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Toddler Clinic


How to start potty training

Some people like to encourage potty or toilet training from an early age. You will need to gauge your own child’s readiness, but whenever you do it, make sure you and your partner or any carer are all set to begin training at the same time. 



When to potty train

Although there are supporters of the ‘no nappy’ approach from day one, using nappies on babies or toddlers does usually allow them to achieve other milestones like crawling, cruising, and walking before switching routines to accommodate a change of toilet habits.

Some parents do like to attempt potty training as early as 18 months, but usually some time between two and three years is more common, and in some cases you might find that daytime potty use begins a long time before your child is ready to go through the night without a nappy on.

Getting your child used to a potty might take as little as a week or up to a month, but be patient and see this as an exciting adventure for both of you!

Potty training steps

•  Shop for a potty, inviting your child to do this with you. After all it will be just for his use.

•  When it’s at home, let your child sit on it to play or read with you, getting used to the idea of having his own potty, making sure that your child understands what this might be used for in the coming weeks.

•  Talk to your child about using the potty for weeing first. You can keep nappies on, but move to using pull-ups and encourage your child to let you know when he wants to wee.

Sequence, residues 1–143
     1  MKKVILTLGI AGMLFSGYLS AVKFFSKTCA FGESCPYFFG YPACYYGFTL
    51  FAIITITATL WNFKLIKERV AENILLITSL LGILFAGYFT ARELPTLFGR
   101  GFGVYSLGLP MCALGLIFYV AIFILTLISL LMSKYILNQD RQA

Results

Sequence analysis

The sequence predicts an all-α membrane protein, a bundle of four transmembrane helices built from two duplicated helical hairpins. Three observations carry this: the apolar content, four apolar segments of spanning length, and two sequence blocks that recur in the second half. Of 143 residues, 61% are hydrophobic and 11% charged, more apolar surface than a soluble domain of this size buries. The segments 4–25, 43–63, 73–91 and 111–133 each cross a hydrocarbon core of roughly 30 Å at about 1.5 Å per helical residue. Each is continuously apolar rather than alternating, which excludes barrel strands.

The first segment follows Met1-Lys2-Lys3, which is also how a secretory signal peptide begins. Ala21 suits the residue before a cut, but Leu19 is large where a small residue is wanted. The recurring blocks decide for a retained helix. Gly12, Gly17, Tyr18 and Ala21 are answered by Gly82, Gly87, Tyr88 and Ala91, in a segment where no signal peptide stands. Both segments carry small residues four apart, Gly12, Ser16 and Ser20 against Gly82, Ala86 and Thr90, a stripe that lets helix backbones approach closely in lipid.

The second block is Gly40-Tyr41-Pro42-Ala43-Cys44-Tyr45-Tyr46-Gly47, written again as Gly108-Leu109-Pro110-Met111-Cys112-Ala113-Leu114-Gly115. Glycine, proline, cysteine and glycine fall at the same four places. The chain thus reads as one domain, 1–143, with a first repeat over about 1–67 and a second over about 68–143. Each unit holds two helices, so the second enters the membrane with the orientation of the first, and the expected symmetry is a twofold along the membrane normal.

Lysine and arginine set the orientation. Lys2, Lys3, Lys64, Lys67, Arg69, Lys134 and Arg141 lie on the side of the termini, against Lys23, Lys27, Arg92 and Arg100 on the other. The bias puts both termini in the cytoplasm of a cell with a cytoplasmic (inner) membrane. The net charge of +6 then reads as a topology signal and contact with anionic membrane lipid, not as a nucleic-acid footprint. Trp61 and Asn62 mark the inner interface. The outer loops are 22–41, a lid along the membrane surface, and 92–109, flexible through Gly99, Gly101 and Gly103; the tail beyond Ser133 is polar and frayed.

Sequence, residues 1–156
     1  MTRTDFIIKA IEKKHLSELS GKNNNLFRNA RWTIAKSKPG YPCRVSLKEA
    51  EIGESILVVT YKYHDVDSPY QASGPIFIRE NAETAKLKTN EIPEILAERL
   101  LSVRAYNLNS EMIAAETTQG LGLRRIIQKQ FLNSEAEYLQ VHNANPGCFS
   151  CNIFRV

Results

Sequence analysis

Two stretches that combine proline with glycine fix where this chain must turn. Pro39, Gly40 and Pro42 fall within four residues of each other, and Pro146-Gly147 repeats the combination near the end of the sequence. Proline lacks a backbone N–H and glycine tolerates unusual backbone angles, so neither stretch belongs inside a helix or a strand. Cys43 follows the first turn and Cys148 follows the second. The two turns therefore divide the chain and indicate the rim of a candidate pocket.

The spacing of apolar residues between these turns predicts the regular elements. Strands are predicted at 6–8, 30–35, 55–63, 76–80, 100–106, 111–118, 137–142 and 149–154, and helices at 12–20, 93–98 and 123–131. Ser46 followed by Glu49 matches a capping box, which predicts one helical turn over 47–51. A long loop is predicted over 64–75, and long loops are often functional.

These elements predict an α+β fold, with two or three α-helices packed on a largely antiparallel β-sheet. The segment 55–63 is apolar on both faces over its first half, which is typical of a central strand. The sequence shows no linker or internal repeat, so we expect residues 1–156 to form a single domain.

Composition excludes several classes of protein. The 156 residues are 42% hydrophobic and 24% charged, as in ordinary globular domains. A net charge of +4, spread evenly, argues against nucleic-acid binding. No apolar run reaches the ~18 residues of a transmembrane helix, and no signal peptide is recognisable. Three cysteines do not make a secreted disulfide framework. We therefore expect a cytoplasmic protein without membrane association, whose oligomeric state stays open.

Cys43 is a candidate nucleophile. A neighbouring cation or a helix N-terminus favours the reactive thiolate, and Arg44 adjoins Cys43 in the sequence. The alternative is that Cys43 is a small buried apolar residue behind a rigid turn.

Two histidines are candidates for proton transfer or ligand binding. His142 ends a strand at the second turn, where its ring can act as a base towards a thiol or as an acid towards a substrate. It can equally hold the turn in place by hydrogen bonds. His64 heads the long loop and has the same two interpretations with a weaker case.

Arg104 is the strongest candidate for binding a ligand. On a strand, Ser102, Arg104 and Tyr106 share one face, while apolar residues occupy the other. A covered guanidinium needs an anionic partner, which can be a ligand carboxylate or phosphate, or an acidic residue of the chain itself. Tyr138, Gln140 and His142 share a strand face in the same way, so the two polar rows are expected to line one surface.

•  Having a poo can feel very different for a child when in a potty or on the toilet, and some find this quite upsetting at first, so using the potty for weeing is a good starting point.

•  When your child does want to try pooing in the potty, sit down at his level and offer to hold his hands, this might reassure him when he first attempts to this very strange act.

•  Go at your child’s pace. If he isn’t enjoying the experience, put the potty away for a couple of weeks and suggest it another try when he’s on good form (for example, not too tired from getting used to nursery routine or feeling a bit under the weather).

•  If your child wants to try using the toilet like you, it might be a good idea to buy a smaller seat that fits into the big one. This will make your child feel part of the family and less like a baby whilst being comfortable and protected from falling into the big daunting hole in the regular toilet seat.

•  When you are at home, you might want to allow your child to roam around without clothes on so that if the desire to go to the toilet comes on quickly, he doesn’t have an ‘accident’. If he does wet or soil his trousers at home or when out, don’t tell him off, just calmly and reassuringly change his clothes.

•  Accept that accidents will happen. Having spent a couple of years in nappies, your child may take a while to get used to consciously stopping what he’s doing and sitting on the toilet or potty. And even the most confident potty user will be in situations sometimes where he’s enjoying an activity so much that he forgets to take a loo break.

•  For a couple more years it will be a good idea to keep wipes and spare clothes with you when out and about.

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